Six weeks into an Indian summer that just wouldn’t quit, someone was thinking about Mani. Sometime during the night of Oct. 6, the bird came face to face with his would-be saviors. Police say that it was Sean Coleman, who broke into the zoo that night with his friend Adam Loper. Mani might be worth thousands of dollars to someone who wanted an easy-to-handle raptor, but neither Coleman nor Loper, both 20, was interested in money, police say. They wanted to set Mani free. It would have been easy to walk right up to him. “Initially he would probably have been very scared, being taken out of his normal surroundings where he lived — he would have had to have been thrown in some kind of a sack or box to get him over the fence here at the zoo,” says Talon Thornton, director of the Henson Robinson Zoo. Authorities say that Coleman and Loper, who were with at least one witness that night, drove to a treed area on West Washington and took Mani out of the car. If they were expecting to watch him spread his wings and soar magnificently into the moonlight, they were disappointed. “One of the girls who was with them said that when they let him go, he just sat there,” Thornton says. “They tried to get him to take off, but he just sat on the ground.”
The girl, Thornton says, was worried enough that she returned in daylight to make sure that Mani hadn’t been eaten by a coyote or a fox. He was gone. Although Thornton stresses that animals are at zoos for good reasons, that freeing a hawk like Mani could easily doom the bird, he doesn’t hesitate when asked whether he thinks Mani liked being free. “Sure,” he answers. “I imagine after that initial shock and stress that he went through, he probably enjoyed flying around — until the point that hunger set in and he wasn’t able to find food. What they thought they were doing was setting the bird free — but they just didn’t have enough information.”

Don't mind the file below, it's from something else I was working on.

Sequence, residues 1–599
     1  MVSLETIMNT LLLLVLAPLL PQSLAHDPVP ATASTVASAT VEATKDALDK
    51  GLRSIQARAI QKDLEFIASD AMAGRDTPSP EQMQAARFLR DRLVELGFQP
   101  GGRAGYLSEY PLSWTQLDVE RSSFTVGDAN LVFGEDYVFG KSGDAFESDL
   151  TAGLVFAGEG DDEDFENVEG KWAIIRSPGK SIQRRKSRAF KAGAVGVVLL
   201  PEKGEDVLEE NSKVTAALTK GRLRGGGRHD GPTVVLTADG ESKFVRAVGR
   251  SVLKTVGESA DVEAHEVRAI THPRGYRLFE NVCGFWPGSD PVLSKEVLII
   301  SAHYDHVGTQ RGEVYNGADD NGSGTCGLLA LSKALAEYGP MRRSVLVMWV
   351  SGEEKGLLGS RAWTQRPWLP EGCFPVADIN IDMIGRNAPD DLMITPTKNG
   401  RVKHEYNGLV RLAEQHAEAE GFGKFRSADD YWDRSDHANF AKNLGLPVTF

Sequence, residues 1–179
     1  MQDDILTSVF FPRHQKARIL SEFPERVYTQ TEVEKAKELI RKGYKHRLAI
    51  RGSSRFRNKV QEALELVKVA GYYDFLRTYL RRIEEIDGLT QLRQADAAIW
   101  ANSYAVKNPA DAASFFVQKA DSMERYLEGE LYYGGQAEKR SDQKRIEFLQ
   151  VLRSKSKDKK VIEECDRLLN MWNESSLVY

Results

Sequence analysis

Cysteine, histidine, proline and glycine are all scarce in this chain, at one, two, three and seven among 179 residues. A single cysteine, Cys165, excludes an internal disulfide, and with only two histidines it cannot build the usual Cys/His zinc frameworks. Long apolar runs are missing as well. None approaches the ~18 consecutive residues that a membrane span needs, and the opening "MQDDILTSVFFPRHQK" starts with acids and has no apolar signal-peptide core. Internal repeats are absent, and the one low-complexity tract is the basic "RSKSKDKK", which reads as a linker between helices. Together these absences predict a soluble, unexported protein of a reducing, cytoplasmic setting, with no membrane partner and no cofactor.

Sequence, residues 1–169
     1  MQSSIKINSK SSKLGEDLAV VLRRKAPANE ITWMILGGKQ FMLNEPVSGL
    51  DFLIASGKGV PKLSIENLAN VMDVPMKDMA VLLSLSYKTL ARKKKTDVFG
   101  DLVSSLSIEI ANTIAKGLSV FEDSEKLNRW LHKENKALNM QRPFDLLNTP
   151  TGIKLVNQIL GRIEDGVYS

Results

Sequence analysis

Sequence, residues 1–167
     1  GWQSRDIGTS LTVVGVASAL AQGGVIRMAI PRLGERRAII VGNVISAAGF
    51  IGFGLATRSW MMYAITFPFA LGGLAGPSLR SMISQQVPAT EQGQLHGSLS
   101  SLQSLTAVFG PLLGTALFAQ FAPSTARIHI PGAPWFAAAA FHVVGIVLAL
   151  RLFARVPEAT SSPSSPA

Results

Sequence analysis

Besides food, Mani needed space. Red-tailed hawks are territorial and will attack intruders — their range varies from a half-square mile to two square miles. Mani was released in a wooded area with a stream and fields nearby, ideal hawk habitat, so he may well have been driven elsewhere soon after his release. Thornton knew Mani as well as anyone did. The zoo director had taken him to dozens of educational shows through the years. His deep feelings for a bird that his staff spent hundreds of hours training and nurturing are obvious. “I was very angry, very upset,” he says — and very, very worried. Acting on a tip, police arrested Loper and Coleman less than a week after Mani disappeared. Until then, no one knew whether Mani was on the wing or the black market. In the first two days after his disappearance, searchers put 300 miles on the zoo’s van, chasing hawk sightings. Now that they knew where he’d been freed, they had a starting point, but it was little help. They saw three different red-tails in the area in the next few weeks, fueling speculation that Mani had been chased off. Because he was taken at night and spirited away in a car, he would have had no landmarks to guide him back to the zoo. During those first few days, searchers combed the area from first light until well after sundown, using flashlights. Time and again, zoo officials rushed to a sighting, only to find the bird, Mani or not, had flown by the time they arrived. “We knew he had the instincts to hunt, but there’s a huge difference between a chipmunk getting into his enclosure and seriously going after and catching food on his own without any barriers,” Thornton says. The weather, at least, was on Mani’s side. Temperatures remained in the fifties and sixties as October turned into November, so he wasn’t likely to freeze. Eventually Thornton and his staff gave up hope of ever seeing Mani again. “After seven weeks, we said to each other that if he was still alive and doing well, hey, that’s great for him,” Thornton recalls. “On the other hand, we didn’t think that was too likely.”